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On the importance of matching strategic behavior and target market selection to business strategy in high-tech markets

  • Stanley F. SlaterEmail author
  • G. Tomas M. Hult
  • Eric M. Olson
Original Empirical Research

Abstract

Business strategy is fundamentally concerned with the actions required to create superior customer value in the firm’s target markets with the ultimate goal of achieving superior performance. Marketing theory suggests that two critical marketing activities required to achieve this end are: (1) the adoption of appropriate strategic behaviors (i.e., customer-oriented, competitor-oriented, technology-oriented) and (2) targeting of the appropriate market segments (i.e., innovators, early adopters, early majority, late majority, laggards). This study builds on prior research which demonstrates that the strategic behavior—firm performance relationship is contingent on the firm’s strategy by examining this relationship in high tech markets and by considering the incremental contribution of appropriate target market selection. Responses from 160 senior marketing managers in high-tech firms reveal strong support for our framework. Thus, this study provides useful guidance to executives and managers in high-tech firms regarding the steps that they should take to increase their probability of success.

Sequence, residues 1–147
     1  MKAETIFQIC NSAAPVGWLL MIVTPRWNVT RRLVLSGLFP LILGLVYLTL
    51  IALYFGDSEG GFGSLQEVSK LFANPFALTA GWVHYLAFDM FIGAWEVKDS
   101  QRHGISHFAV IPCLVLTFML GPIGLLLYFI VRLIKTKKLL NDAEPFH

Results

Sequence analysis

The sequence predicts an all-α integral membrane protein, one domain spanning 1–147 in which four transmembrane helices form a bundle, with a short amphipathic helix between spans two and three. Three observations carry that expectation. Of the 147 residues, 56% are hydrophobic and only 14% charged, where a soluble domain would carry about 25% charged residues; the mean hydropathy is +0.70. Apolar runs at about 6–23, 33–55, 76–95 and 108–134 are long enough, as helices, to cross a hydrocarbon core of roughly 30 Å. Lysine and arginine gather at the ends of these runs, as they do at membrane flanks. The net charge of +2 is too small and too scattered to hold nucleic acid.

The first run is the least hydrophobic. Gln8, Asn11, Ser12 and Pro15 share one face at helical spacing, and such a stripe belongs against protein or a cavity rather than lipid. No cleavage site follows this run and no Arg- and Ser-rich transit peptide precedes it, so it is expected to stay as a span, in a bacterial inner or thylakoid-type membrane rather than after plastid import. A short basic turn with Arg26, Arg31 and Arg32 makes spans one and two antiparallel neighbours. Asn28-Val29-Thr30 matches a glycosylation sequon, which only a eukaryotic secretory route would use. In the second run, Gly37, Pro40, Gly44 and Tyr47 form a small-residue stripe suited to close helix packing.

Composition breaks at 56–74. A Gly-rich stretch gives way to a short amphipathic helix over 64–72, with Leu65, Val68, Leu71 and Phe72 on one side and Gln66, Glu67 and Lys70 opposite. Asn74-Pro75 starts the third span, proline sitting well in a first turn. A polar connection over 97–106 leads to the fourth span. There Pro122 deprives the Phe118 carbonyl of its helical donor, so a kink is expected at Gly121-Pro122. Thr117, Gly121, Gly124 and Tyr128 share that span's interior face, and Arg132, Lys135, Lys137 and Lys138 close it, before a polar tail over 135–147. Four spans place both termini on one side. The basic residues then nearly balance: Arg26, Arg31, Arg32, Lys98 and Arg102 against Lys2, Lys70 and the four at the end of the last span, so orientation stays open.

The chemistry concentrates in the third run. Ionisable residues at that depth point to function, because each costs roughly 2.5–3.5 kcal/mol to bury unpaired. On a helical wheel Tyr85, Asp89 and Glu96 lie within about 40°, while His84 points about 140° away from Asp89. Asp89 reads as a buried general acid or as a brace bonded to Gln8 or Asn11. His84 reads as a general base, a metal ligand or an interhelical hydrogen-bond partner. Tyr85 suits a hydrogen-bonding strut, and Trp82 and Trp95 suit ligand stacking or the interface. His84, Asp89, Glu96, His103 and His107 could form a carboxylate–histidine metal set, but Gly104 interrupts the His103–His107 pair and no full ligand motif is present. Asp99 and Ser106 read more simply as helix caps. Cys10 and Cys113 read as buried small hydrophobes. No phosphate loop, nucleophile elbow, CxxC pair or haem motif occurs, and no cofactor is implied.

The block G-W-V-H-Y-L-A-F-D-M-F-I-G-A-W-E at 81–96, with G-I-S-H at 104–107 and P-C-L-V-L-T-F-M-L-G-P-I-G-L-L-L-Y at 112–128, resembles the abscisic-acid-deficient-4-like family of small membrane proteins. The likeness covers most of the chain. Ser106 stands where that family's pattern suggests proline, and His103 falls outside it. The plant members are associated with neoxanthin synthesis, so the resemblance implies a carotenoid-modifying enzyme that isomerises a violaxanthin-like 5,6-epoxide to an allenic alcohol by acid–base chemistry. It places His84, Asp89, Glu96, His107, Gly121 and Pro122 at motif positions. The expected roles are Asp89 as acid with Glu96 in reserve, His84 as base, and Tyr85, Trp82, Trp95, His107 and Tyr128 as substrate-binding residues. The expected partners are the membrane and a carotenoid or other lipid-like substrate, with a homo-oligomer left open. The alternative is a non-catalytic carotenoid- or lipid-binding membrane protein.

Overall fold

Keywords

High-tech Customer orientation Competitor orientation Technology orientation Market segments Business strategy Performance 

Notes

Acknowledgement

The authors gratefully acknowledge the support of the Center for International Business Education and Research at Michigan State University (MSU-CIBER) and the College of Business Administration at University of Colorado—Colorado Springs for financial assistance. We also acknowledge the many helpful comments and suggestions of two anonymous reviewers.

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Copyright information

© Springer-Verlag 2007

Authors and Affiliations

  • Stanley F. Slater
    • 1
    Email author
  • G. Tomas M. Hult
    • 2
  • Eric M. Olson
    • 3
  1. 1.College of BusinessColorado State UniversityFort CollinsUSA
  2. 2.Center for International Business Education and Research, Marketing & Supply Management, Eli Broad Graduate School ManagementMichigan State UniversityEast LansingUSA
  3. 3.Marketing and Strategic Management, College of Business and AdministrationUniversity of Colorado—Colorado SpringsColorado SpringsUSA

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